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Dynamic Network Connectivity: from monkeys to humans

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Front Hum Neurosci. 2024 Feb 7;18:1353043. doi: 10.3389/fnhum.2024.1353043. eCollection 2024.

ABSTRACT

Human brain imaging research using functional MRI (fMRI) has uncovered flexible variations in the functional connectivity between brain regions. While some of this variability likely arises from the pattern of information flow through circuits, it may also be influenced by rapid changes in effective synaptic strength at the molecular level, a phenomenon called Dynamic Network Connectivity (DNC) discovered in non-human primate circuits. These neuromodulatory molecular mechanisms are found in layer III of the macaque dorsolateral prefrontal cortex (dlPFC), the site of the microcircuits shown by Goldman-Rakic to be critical for working memory. This research has shown that the neuromodulators acetylcholine, norepinephrine, and dopamine can rapidly change the strength of synaptic connections in layer III dlPFC by (1) modifying the depolarization state of the post-synaptic density needed for NMDA receptor neurotransmission and (2) altering the open state of nearby potassium channels to rapidly weaken or strengthen synaptic efficacy and the strength of persistent neuronal firing. Many of these actions involve increased cAMP-calcium signaling in dendritic spines, where varying levels can coordinate the arousal state with the cognitive state. The current review examines the hypothesis that some of the dynamic changes in correlative strength between cortical regions observed in human fMRI studies may arise from these molecular underpinnings, as has been seen when pharmacological agents or genetic alterations alter the functional connectivity of the dlPFC consistent with the macaque physiology. These DNC mechanisms provide essential flexibility but may also confer vulnerability to malfunction when dysregulated in cognitive disorders.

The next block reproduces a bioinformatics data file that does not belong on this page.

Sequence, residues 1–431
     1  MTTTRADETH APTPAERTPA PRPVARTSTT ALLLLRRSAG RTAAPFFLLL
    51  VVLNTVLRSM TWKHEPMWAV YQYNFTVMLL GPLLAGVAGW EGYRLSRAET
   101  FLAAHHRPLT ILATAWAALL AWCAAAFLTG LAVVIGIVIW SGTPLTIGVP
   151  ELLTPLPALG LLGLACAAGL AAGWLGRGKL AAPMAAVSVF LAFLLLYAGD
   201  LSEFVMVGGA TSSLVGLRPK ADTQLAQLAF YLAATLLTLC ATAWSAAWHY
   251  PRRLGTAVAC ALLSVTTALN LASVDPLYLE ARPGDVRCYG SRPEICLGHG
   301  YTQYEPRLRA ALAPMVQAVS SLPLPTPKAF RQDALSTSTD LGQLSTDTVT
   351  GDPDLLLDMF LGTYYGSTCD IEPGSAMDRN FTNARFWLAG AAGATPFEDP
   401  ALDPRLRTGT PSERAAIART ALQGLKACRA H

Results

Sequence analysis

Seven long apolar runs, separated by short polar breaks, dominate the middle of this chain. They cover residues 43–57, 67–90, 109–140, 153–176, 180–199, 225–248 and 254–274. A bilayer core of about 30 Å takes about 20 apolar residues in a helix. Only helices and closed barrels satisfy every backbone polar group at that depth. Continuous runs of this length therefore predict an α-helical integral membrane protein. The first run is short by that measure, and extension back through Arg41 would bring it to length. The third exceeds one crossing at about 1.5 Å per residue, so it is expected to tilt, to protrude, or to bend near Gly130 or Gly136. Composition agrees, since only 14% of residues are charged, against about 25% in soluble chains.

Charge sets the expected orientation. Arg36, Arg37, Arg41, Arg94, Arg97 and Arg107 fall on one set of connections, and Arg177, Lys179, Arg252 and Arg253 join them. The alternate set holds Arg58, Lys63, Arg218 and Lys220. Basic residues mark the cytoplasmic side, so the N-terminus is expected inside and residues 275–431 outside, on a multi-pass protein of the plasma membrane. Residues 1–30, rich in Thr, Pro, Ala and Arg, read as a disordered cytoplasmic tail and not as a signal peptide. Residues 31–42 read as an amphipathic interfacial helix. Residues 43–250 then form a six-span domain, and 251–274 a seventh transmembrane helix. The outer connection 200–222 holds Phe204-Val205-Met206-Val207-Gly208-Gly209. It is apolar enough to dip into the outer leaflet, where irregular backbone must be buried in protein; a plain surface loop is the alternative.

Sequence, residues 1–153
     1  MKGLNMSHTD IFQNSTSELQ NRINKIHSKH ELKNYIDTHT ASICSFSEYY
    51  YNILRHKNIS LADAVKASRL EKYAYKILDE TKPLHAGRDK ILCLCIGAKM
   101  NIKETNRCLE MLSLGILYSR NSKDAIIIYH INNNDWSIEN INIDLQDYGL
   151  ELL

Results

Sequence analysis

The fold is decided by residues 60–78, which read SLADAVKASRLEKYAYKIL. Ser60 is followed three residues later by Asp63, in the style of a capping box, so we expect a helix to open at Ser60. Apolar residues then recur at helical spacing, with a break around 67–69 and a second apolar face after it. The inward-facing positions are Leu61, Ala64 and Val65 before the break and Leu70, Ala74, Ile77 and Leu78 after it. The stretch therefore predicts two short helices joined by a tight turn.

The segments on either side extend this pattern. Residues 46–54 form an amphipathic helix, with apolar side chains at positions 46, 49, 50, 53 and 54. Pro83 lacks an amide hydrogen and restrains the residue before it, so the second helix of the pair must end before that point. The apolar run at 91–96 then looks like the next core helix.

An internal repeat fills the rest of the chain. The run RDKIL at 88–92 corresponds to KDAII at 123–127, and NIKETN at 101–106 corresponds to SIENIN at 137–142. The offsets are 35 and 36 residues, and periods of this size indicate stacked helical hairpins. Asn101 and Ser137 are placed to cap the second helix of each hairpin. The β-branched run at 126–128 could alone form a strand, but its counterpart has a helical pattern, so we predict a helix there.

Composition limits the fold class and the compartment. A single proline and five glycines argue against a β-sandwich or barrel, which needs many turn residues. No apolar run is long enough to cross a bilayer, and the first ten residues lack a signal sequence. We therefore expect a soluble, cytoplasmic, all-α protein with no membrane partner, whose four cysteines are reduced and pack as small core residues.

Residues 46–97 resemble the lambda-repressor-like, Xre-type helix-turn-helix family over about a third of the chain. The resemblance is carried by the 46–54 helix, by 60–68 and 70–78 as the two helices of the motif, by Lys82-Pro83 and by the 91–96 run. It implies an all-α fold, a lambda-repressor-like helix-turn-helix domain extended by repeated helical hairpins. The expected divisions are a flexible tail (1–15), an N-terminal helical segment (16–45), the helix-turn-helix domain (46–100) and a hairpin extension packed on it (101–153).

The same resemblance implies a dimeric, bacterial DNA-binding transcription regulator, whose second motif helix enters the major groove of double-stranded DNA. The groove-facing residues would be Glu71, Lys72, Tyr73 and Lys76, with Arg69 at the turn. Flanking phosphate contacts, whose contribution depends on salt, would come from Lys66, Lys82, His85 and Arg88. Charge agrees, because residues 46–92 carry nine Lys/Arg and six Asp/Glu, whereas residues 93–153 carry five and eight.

PMID:38384333 | PMC:PMC10879414 | DOI:10.3389/fnhum.2024.1353043

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